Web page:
A little while ago a wrote a post that asked “why are you in business“?
It sounds trivial, but as I mentioned in that post, it is THE most important question that you can ask in business.
Here’s the comment to that first post that inspired this follow-up post:
I just read your post and to be honest I’ve never thought about this. There are several reasons why I am in business, but I have to admit I’ve never thought about the “end” result, let’s just say 15 years down the road. Hmmm….
So, why are you in business?
The answer, of course, is to sell it … tomorrow … eventually … or, not at all.
But, even if you choose NOT sell it, you should act as though … when the time is right … that you will sell it ….
… to yourself!
Because this kind of thinking forces you to do things with your business that you would otherwise not bother to do …
… things like setting out a clear chain of command (easy if you are flying solo … not so easy if it’s you, your brother, your aunt, and three cousins running the show!)
… things like setting out clear systems to run every aspect of the business (especially if it’s all just sitting ‘in your head’ and the ‘heads’ of those around you).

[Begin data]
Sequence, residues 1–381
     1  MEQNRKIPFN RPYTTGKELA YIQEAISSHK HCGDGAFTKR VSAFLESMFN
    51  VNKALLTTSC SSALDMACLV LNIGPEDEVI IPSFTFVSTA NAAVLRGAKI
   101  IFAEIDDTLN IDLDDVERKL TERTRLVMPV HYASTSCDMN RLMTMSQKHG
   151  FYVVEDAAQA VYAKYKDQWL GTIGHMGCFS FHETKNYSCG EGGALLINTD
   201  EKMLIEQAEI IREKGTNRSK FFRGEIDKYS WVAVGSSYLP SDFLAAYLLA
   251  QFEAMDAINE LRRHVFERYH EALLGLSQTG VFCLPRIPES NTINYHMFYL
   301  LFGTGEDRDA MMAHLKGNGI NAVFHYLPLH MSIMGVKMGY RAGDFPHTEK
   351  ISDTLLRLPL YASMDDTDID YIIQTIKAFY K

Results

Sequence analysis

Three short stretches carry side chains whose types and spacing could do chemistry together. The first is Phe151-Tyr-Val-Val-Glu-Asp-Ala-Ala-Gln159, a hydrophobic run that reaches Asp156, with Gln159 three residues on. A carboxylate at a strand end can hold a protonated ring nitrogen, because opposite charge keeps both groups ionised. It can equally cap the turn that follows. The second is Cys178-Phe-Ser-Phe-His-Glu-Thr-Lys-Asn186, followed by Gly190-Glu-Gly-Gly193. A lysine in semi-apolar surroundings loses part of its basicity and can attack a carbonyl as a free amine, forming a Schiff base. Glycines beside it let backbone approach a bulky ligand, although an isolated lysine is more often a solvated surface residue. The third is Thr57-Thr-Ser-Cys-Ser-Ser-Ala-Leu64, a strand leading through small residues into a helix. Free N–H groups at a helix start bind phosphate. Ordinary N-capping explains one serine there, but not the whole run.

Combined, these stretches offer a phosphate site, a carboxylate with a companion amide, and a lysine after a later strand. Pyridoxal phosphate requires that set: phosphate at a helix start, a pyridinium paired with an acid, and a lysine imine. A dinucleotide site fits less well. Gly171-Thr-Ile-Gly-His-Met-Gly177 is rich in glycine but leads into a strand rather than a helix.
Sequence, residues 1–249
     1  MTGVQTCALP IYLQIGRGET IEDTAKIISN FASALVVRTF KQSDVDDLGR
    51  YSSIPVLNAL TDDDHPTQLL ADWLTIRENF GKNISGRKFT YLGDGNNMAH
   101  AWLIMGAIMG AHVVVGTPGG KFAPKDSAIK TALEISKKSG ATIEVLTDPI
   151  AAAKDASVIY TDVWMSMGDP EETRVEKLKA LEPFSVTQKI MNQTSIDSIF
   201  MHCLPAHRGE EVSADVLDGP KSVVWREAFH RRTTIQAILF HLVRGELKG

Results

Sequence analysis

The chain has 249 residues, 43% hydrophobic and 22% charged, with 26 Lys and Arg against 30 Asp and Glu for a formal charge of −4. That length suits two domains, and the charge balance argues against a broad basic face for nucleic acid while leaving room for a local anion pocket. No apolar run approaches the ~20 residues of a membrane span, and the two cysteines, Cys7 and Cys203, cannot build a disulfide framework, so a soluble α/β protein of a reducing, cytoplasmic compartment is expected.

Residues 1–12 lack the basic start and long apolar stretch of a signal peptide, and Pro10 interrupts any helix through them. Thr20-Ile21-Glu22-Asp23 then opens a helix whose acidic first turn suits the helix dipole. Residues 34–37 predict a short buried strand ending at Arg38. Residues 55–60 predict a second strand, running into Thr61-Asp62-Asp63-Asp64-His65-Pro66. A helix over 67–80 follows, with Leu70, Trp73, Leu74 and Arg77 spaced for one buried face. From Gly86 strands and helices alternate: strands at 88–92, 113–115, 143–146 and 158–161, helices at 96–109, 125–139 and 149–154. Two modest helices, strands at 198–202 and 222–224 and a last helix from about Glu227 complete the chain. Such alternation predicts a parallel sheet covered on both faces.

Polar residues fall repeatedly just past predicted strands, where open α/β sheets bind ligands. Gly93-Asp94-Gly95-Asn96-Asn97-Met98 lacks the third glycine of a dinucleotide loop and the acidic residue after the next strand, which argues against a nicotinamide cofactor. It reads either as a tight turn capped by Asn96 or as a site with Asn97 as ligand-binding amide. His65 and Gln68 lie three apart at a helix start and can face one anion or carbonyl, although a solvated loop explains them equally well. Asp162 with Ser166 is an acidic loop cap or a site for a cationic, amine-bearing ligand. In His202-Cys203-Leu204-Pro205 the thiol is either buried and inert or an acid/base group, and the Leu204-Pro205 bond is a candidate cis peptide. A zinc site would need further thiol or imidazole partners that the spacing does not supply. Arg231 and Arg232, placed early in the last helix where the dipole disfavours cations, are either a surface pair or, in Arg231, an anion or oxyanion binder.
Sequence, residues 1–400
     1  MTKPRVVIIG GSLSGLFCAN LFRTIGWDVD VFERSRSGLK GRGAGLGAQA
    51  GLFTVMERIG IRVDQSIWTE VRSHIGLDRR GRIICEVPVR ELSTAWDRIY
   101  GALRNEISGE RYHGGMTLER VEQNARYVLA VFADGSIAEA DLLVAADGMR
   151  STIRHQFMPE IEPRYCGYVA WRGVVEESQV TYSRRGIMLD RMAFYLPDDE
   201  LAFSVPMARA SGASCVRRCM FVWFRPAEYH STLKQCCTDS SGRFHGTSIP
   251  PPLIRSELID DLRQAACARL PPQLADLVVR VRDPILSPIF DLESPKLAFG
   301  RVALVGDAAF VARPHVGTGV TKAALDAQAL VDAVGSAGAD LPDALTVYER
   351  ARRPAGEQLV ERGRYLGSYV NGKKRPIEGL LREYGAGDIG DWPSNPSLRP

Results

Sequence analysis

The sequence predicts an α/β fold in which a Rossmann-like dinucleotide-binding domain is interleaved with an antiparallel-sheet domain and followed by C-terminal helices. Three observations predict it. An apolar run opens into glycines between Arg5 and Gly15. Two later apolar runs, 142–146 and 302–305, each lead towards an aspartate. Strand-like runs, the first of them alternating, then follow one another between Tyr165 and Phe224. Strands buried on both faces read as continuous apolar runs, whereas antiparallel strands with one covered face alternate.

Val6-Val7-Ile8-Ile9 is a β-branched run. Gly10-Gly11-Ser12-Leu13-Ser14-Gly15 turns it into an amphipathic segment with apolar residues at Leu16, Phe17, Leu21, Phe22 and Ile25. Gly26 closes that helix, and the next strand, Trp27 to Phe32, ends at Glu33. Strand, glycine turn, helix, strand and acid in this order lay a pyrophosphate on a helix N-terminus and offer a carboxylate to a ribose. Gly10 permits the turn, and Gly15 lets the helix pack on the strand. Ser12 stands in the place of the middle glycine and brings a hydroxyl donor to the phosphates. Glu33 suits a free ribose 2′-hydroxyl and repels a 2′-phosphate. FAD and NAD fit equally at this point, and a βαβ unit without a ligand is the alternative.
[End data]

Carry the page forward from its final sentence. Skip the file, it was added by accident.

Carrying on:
… things like pretending that you are creating a ‘franchise prototype’ and that one day there will be 1,000 more just like it …
… because, if you do, one day there just might be 1,000 more just like it!
The difference between Subway and your local sandwich shop … the difference between Burger King and your local hamburger shop …
Is ONE GUY who dared to imagine a larger business than the one that he had.
… by systematizing an already great (but, small) business!
Let me share a personal story …
In 1998, I had a little business built upon a great little idea but it had just trundled along for 5 years getting new clients here and there, growing slowly, but for one small problem …
The business was losing me $5,000 a month and I was struggling to take out $50,000 a year (my wife still had to work).
Then one day I had a vision of how my future life simply HAD to look:
1. No work (my vision required me to have LOTS of spare time on my hands)
2. $250,000 a year (to ‘fund’ my ideas … ideas that involved a lot of travel and creativity)
Now, earning $250,000 a year is one thing – but, I had to get it with no work!
That meant that I needed about $5,000,000 sitting in some passive investments … trouble is I had no investments …
… except my little money-losing business.
That, my friends, is what drove me to massive action … to make my business somehow ‘worth’ $5 million to somebody … in 5 to 10 years!
It was this ‘massive action’ that took me to expanding my business across three countries … at the same time, building up a multi-million dollar real-estate and investment portfolio … all the while, keeping my eyes and ears open to try and quickly learn all the rules of the ‘money game’ …
Now you know how this site came to be called $7 million in 7 years.
Do you see why your future business success starts with a question?